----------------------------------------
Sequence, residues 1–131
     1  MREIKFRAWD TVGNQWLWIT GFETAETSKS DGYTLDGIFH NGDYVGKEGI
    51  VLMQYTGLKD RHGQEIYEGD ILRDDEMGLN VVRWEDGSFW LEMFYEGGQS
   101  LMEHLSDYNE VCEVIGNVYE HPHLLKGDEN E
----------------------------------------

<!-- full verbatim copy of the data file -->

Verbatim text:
Sequence, residues 1–131
     1  MREIKFRAWD TVGNQWLWIT GFETAETSKS DGYTLDGIFH NGDYVGKEGI
    51  VLMQYTGLKD RHGQEIYEGD ILRDDEMGLN VVRWEDGSFW LEMFYEGGQS
   101  LMEHLSDYNE VCEVIGNVYE HPHLLKGDEN E